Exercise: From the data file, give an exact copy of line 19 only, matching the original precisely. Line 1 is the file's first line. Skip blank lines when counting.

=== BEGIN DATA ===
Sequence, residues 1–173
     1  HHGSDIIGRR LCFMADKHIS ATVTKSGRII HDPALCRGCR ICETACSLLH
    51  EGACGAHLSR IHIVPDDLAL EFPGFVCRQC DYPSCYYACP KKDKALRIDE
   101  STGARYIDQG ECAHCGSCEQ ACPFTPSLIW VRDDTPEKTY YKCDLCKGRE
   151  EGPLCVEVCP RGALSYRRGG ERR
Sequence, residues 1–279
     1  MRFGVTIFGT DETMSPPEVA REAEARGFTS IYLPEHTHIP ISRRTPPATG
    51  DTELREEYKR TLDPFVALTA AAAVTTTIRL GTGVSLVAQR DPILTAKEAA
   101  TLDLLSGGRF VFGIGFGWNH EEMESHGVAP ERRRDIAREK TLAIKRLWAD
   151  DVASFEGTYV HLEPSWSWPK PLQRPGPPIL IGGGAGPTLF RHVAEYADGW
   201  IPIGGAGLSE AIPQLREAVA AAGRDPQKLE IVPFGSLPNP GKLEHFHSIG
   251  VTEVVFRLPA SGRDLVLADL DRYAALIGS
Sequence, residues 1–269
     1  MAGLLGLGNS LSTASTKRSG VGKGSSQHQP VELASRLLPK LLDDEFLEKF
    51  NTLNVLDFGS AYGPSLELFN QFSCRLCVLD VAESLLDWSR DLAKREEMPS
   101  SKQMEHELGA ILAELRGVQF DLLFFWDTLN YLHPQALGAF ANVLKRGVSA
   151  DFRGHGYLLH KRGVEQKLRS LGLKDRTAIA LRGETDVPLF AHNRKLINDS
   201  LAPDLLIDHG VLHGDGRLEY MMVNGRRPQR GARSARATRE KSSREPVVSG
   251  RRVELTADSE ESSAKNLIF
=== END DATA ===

   251  RRVELTADSE ESSAKNLIF